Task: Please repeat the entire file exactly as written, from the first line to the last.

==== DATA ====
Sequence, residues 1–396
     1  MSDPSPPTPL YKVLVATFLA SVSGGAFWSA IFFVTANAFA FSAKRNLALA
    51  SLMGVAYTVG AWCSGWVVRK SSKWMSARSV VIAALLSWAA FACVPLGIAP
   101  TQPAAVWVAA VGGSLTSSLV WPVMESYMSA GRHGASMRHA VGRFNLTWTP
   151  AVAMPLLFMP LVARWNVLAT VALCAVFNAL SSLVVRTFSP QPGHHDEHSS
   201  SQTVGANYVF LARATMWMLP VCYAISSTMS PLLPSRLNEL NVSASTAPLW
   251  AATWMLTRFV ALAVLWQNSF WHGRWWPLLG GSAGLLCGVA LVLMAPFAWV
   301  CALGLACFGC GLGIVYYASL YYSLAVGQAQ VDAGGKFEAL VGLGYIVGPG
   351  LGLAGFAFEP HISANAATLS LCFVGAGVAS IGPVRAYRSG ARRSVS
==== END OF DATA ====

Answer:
Sequence, residues 1–396
     1  MSDPSPPTPL YKVLVATFLA SVSGGAFWSA IFFVTANAFA FSAKRNLALA
    51  SLMGVAYTVG AWCSGWVVRK SSKWMSARSV VIAALLSWAA FACVPLGIAP
   101  TQPAAVWVAA VGGSLTSSLV WPVMESYMSA GRHGASMRHA VGRFNLTWTP
   151  AVAMPLLFMP LVARWNVLAT VALCAVFNAL SSLVVRTFSP QPGHHDEHSS
   201  SQTVGANYVF LARATMWMLP VCYAISSTMS PLLPSRLNEL NVSASTAPLW
   251  AATWMLTRFV ALAVLWQNSF WHGRWWPLLG GSAGLLCGVA LVLMAPFAWV
   301  CALGLACFGC GLGIVYYASL YYSLAVGQAQ VDAGGKFEAL VGLGYIVGPG
   351  LGLAGFAFEP HISANAATLS LCFVGAGVAS IGPVRAYRSG ARRSVS